- Engineering & Materials
- Fourneyron, Benoit (1802–1867)
Fourneyron, Benoit (1802–1867)
French engineer who invented the first practical water turbine.
Fourneyron was born on October 31, 1802 in Saint-Etienne, Loir. He entered the New School of Mines at Saint-Etienne at the age of 15, having already acquired a good grounding in mathematical sciences from his father, who was a geometrician. Graduating from Saint-Etienne as the top pupil in his class, he went on to apply his skills to various projects including the development of the Le Creusot mines, oil exploration, and the building of a railroad. He pioneered the manufacture of tin plate at Pont-sur-l'Ognon, Haute Saône, ending the British monopoly of the industry.
The fabrication of tin plate involved the use of a water wheel, the efficiency of which was very low. Fourneyman became consumed with the quest to produce a greatly improved water wheel, whose efficiency would surpass that of any model so far in existence. He succeeded in his ambition in 1827 and went on to produce, in 1855, an improved version of his original model. From there he built more than a hundred diverse models of hydraulic turbine, which were exported for use all over the world. He died in Paris on July 8, 1867.
The idea of using a stream of water to drive a wheel is very old and it is thought that the water wheel was invented in the 1st century BC. The first device that operated on the principle of reaction was a steam “turbine” of Hero of Alexandria in the 1st century AD.
Improvement in the design and efficiency of water wheels came slowly. By the early part of the 19th century, with the application of mathematics and a growing knowledge of hydraulics, the first reaction wheels of Leonhard Euler and those of Claude Burdin were produced—but it was Fourneyron, one of Burdin's pupils, who first achieved success. His 1827 reaction turbine was 80% efficient and could develop about 4.5kW/6 hp.
Fourneyron's machine is generally recognized as opening the modern era of practical water turbines. It was essentially an outward-flow turbine. Water passed through fixed guide passages and hence into guide passages in the moveable outer wheel. When the water impinged on these wheel vanes, its direction was changed and it escaped around the periphery of the wheel. But the outward-flow turbine was essentially unstable because as water flowed through the fixed and moveable vanes it entered a region of successively increasing volume. The speed regulation of the turbine also presented difficulties.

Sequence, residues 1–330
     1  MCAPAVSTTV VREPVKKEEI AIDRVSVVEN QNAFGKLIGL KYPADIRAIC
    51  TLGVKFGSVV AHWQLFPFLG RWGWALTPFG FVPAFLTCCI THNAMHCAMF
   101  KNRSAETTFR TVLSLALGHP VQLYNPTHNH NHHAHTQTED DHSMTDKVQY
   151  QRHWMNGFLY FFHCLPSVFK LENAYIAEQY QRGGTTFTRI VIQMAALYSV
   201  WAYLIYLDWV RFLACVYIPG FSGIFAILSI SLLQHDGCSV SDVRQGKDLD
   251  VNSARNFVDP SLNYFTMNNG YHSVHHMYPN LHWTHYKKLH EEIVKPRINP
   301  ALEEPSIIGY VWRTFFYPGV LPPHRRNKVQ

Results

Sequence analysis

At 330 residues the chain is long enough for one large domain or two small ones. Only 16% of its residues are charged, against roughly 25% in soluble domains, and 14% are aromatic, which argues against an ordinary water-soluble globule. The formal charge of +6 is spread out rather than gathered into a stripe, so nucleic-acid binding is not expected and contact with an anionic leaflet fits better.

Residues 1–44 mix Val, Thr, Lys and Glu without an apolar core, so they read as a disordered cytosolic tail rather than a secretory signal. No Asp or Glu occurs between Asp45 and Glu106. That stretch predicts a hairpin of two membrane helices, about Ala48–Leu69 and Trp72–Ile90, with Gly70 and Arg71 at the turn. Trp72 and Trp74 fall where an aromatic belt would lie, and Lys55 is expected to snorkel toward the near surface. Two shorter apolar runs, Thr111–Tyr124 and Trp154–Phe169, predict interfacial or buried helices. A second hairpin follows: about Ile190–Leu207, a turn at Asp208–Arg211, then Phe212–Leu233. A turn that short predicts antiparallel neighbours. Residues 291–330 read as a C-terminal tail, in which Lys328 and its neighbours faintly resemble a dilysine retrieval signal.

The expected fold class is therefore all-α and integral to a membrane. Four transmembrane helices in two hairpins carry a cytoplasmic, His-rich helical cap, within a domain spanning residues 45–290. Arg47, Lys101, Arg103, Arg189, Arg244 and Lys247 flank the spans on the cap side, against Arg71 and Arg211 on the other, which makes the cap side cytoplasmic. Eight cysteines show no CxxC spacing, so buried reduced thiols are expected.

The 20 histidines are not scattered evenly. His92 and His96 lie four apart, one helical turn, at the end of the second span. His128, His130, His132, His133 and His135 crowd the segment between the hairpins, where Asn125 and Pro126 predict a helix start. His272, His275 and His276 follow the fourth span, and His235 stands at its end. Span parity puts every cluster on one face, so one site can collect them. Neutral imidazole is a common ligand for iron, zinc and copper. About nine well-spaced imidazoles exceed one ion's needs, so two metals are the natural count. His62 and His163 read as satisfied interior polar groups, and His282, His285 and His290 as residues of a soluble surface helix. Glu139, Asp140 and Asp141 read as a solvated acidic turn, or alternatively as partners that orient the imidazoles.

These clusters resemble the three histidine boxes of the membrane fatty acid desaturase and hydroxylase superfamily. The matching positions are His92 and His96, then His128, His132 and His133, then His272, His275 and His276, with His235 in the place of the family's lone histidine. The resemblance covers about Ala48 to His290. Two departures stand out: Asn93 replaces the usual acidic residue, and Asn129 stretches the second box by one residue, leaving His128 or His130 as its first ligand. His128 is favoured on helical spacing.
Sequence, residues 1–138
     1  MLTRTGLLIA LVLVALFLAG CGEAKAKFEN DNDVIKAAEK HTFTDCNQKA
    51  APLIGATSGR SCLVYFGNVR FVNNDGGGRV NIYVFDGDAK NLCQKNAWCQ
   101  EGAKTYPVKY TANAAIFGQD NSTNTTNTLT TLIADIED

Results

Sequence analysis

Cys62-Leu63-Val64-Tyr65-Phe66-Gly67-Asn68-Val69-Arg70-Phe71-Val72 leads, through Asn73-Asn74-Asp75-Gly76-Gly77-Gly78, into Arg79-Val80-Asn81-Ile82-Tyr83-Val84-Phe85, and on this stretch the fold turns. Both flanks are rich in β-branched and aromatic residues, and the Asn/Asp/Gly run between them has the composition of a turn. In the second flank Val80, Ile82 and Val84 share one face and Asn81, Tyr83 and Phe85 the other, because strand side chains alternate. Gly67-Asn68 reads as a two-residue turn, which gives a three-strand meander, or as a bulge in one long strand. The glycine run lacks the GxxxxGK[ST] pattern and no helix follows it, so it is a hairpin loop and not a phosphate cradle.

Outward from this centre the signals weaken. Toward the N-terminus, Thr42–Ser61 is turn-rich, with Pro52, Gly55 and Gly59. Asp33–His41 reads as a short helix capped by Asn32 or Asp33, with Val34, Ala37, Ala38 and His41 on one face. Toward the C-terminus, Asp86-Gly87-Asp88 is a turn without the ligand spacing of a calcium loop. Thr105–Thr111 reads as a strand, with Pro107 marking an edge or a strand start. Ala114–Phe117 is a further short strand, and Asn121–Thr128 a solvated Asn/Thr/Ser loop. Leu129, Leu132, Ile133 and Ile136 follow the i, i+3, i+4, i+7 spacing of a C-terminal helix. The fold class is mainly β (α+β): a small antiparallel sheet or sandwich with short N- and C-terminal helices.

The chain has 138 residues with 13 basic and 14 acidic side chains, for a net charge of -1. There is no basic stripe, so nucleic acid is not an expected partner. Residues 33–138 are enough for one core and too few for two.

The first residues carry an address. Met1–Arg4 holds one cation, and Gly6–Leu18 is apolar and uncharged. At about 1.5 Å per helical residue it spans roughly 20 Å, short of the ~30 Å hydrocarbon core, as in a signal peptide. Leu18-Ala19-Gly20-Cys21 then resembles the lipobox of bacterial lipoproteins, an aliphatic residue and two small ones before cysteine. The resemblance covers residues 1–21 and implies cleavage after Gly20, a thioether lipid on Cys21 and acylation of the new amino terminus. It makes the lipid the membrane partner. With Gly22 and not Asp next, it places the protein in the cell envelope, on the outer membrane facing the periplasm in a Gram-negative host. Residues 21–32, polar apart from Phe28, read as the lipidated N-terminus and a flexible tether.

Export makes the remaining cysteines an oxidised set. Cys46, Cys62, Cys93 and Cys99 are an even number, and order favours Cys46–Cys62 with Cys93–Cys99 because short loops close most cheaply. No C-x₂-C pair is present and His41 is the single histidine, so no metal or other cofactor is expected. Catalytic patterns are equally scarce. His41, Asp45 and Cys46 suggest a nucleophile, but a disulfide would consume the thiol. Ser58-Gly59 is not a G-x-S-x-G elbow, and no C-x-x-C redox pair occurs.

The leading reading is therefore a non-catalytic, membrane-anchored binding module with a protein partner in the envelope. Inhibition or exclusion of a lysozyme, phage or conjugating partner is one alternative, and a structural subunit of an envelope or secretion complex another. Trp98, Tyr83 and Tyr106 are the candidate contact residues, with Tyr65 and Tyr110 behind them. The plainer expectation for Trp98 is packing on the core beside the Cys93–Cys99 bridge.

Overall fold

Fourneyron patented an improved design that incorporated a three-turbine installation in 1832. However, his machine lost favor, being superseded in 1843 by the Jonval axial-flow machine.
Fourneyron's machines were still used in large commercial undertakings. All his earlier models were based on the free-flow efflux design, but he later realized the advantages of diffusing the outward flow and, in 1855, patented the outflow diffuser, the basis of which forms the modern-day inflow scroll case. Two turbines, each consisting of Fourneyron wheels keyed to one shaft, were used by the Niagara Falls Power Company in 1895. They were built into 49-m/160-ft wheel-pits dug into the supply channel at the top of the falls.
From the Hutchinson Dictionary of Scientific Biography, © RM, 2020. All rights reserved. Published under license in AccessScience, © McGraw-Hill Education, 2000–2020. Helicon Publishing is a division of RM.